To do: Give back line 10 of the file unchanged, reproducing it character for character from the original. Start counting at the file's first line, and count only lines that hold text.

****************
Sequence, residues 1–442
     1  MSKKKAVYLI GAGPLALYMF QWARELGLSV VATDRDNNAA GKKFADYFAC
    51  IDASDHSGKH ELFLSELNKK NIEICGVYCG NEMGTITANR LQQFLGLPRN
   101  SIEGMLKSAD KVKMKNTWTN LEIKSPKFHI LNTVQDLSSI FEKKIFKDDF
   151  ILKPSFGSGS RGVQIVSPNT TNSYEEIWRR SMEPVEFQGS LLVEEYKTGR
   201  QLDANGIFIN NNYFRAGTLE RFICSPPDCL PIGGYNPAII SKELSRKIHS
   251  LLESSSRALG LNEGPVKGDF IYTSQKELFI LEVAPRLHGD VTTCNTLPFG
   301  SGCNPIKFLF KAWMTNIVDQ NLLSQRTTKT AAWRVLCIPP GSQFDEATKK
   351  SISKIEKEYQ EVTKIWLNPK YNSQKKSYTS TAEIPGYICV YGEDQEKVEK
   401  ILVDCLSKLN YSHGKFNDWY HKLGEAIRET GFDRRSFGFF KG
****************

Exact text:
   401  ILVDCLSKLN YSHGKFNDWY HKLGEAIRET GFDRRSFGFF KG